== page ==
City celebrates Queen's accessibility work

City celebrates Queen's accessibility work

By Communications Staff

November 29, 2016


Queen’s University will be well represented at the City of Kingston’s Celebrating Accessibility Awards ceremony on Dec. 1.

[Duncan McArthur Hall accessibility upgrades]
The list of nominees for the City of Kingston's Celebrating Accessibility Awards includes five Queen's individuals and projects. The accessiblity upgrades at Duncan McArthur Hall, which were officially unveiled in October, are nominated in the built environment category. 

Five of the 28 nominees for the awards come from the Queen’s community. The awards recognize the people and organizations that make Kingston more accessible and inclusive.

“I would like to congratulate the individual nominees as well as the teams behind the nominated projects,” says Yvonne Holland, Director, Queen’s Campus Planning and Development. “The impact of Queen’s accessibility champions often extends beyond the boundaries of the university community, and I am pleased that the City of Kingston is recognizing their important contributions.”

The Queen’s nominees for Celebrating Accessibility Awards include:

Built Environment

Duncan McArthur HallRecent accessibility improvements mean people with disabilities can now use parking spaces at the front of the building, cross the street and access the sidewalk, sit with someone at a bench or picnic table, and access the front entrance of the building in an independent, dignified, and equitable manner.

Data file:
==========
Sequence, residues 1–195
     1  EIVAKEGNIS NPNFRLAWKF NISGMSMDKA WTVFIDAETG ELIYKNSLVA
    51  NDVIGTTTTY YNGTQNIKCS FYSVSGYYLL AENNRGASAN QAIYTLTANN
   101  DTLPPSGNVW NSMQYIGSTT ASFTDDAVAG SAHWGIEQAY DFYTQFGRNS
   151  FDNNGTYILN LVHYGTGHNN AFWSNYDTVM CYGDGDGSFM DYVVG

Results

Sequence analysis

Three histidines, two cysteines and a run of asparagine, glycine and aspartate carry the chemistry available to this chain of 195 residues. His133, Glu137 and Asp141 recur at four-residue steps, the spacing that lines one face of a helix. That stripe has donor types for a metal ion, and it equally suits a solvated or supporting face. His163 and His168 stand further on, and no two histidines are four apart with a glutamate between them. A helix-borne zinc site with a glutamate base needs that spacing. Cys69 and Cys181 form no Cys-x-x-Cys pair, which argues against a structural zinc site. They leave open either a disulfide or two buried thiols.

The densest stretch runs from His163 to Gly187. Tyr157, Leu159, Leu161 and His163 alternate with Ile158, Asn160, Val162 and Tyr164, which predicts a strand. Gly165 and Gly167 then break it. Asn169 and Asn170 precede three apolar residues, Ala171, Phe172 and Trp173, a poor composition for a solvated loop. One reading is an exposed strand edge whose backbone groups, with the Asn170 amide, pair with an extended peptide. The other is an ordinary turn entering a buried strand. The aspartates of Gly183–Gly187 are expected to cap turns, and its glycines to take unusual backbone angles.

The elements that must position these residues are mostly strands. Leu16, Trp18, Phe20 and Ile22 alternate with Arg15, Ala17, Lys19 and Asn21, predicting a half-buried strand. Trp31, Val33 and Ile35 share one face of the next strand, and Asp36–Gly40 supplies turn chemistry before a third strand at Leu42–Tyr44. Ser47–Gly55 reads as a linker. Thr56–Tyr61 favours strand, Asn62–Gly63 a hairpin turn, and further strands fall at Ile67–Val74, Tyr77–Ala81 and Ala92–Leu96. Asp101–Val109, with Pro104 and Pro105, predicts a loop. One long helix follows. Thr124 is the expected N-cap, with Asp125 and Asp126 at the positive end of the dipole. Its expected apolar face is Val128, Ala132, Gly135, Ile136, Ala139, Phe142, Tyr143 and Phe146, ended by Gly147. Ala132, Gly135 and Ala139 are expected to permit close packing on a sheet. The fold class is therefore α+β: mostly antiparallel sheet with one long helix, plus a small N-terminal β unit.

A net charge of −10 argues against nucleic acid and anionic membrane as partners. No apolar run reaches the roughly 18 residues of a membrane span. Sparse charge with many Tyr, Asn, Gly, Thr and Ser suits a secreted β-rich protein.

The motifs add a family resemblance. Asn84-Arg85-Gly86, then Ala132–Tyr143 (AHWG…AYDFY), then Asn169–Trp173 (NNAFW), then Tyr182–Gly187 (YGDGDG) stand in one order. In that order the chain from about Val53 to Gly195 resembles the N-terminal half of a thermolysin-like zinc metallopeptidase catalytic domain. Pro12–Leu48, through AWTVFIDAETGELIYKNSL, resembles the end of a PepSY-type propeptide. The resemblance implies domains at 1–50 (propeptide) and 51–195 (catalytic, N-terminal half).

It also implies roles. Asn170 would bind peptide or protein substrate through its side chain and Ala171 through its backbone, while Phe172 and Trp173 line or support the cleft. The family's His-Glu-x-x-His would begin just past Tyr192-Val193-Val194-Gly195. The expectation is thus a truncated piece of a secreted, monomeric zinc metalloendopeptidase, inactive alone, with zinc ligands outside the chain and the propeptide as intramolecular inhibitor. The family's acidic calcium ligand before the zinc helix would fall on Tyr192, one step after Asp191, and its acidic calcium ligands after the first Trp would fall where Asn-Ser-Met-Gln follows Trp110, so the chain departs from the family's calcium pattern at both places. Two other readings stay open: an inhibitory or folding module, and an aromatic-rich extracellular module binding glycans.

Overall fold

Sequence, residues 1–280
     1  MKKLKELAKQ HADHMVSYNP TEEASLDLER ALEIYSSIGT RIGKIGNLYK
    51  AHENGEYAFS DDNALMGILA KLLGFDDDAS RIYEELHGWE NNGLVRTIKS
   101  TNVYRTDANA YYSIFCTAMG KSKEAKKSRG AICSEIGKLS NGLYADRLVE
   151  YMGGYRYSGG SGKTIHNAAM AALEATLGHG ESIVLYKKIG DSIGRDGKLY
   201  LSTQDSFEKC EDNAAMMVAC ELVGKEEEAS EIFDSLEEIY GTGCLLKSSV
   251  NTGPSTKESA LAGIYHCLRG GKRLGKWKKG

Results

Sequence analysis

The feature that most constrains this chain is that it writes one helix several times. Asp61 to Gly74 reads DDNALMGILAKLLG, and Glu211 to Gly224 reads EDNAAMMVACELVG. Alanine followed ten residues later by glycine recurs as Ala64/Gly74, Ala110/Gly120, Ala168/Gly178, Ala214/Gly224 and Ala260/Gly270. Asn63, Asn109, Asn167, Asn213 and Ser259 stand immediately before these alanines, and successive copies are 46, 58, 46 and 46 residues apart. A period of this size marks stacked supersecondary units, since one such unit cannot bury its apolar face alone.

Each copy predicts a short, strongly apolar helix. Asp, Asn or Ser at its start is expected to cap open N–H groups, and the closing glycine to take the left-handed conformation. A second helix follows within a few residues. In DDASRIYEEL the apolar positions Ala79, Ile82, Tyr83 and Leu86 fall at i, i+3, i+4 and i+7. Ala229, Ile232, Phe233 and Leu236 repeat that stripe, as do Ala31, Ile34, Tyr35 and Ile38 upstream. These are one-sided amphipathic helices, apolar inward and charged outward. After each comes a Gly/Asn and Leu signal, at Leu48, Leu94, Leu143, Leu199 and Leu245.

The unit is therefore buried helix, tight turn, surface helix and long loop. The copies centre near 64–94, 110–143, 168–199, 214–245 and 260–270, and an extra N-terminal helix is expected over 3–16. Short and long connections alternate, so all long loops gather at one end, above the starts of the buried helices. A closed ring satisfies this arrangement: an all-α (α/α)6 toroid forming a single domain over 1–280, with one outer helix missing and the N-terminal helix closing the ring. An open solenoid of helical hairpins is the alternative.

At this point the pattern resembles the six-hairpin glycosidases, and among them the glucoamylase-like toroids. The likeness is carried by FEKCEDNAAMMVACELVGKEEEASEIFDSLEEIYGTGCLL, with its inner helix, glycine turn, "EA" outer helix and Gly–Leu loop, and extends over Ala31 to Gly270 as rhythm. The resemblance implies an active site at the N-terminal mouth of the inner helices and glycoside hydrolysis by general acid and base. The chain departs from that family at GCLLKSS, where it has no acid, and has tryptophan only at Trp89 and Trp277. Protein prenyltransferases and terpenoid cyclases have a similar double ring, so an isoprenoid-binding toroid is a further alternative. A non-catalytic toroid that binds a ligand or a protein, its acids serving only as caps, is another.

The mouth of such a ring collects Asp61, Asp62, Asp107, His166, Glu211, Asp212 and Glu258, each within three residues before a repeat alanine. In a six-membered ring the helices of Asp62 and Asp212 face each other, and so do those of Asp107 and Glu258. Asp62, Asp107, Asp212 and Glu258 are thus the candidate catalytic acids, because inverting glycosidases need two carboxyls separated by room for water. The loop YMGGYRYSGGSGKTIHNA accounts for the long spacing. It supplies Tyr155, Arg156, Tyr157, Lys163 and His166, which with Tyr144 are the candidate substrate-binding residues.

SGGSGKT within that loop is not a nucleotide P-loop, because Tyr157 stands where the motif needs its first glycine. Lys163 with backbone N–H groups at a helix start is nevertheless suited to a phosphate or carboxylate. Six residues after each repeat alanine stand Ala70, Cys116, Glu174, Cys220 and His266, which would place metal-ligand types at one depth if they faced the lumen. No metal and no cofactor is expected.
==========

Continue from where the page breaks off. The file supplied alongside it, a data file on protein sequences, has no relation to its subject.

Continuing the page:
Richardson Stadium – The revitalized facility incorporates numerous accessibility features including a fully accessible concourse, accessible seating throughout the stadium, and accessible VIP/sponsor boxes. 


Laura Elizabeth Harrison (OT’15) – Ms. Harrison helped create an online assistive technology resource for teachers in the Limestone District School Board. As an occupational therapist, she offers a variety of tips and techniques to help students of all abilities learn and thrive.

James McNutt (M.Ed.’16) – Mr. McNutt is working to make Queen’s campus more accessible for persons with disabilities. He carried out the “Video Accessibility Audit Project” in order to heighten awareness of inclusivity and accessibility on campus

Heidi Penning – Ms. Penning has worked to build an accessible and inclusive campus community over the past seven years as an equity adviser in Queen’s Equity Office. A past chair of the City of Kingston’s Accessibility Advisory Committee, Ms. Penning has also worked with organizations such as Autism Ontario and Community Living Ontario to enhance physical accessibility and accessibility for people with cognitive/developmental disabilities in the school system and in the community.

The public ceremony will take place inside Memorial Hall at Kingston City Hall on Thursday, Dec. 1 from 1-3 pm. Visit the City of Kingston website for the complete list of nominees.